I have spent more than 30 years working with Civil Defense with the City.
Yes, it’s got a different name now but does the same stuff.
I have hundreds of hours in the middle of floods, hurricanes, storms, whatever.
I’ve directed traffic, evacuated people, fought brush fires and pulled drunks out of car wrecks.
One thing I have never understood is why people try to drive through a flooded road too fast or too deep.
They almost always end up stalled and sitting, looking stupid, with two feet of water in their car.
Is it because they are incapable of understanding what might happen?
Or maybe they’re missing too many brain cells to figure it out.
I guess that’s the same thing.
There’s really only two things to remember.
Maybe writing it down and pasting it on the dashboard might help:
1) Drive through deep water too fast and the water will pile up in front of your car, move into the engine compartment and kill the engine.
If water gets into the engine through the intake manifold while it’s running, it’ll destroy the engine.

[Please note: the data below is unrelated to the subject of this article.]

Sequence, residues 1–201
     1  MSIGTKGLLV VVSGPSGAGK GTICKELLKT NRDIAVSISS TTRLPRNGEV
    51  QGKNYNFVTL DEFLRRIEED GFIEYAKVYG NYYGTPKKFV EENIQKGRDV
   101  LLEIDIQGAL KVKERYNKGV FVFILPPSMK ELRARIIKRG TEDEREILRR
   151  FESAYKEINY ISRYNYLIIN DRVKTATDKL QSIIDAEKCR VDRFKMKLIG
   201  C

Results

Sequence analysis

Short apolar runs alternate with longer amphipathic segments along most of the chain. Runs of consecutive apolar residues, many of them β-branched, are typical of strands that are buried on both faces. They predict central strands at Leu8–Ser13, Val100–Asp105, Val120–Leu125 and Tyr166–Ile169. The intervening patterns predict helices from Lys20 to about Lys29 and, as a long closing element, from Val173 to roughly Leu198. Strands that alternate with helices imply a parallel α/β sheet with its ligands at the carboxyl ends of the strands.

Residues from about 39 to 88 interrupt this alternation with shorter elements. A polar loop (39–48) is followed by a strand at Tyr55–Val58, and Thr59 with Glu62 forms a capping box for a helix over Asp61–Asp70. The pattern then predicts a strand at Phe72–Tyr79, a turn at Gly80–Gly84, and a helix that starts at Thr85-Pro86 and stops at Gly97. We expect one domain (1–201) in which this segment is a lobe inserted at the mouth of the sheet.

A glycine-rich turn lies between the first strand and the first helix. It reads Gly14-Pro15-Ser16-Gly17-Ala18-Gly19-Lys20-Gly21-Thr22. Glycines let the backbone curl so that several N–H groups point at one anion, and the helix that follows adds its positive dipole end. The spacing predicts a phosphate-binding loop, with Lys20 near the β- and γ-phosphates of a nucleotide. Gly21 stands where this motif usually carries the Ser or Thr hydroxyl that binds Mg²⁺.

2) Try to drive through water too deep and water gets onto the engine compartment, no matter how slow you’re going, and kill the engine.
If it gets into the intake manifold while it’s running it’ll destroy the engine.
It’ll also flood your car’s interior making it a piece of expensive, moldy junk.
Almost without exception, when I came up on one of these scenes, the driver was a young guy or a woman.
Figure out your own reasons – I’m not going there.
Seriously, if the road has a foot of water on it, don’t go there.
If there is about 6 inches of water on it, go real slow.
It’s not hard to remember.
I feel better, thank you.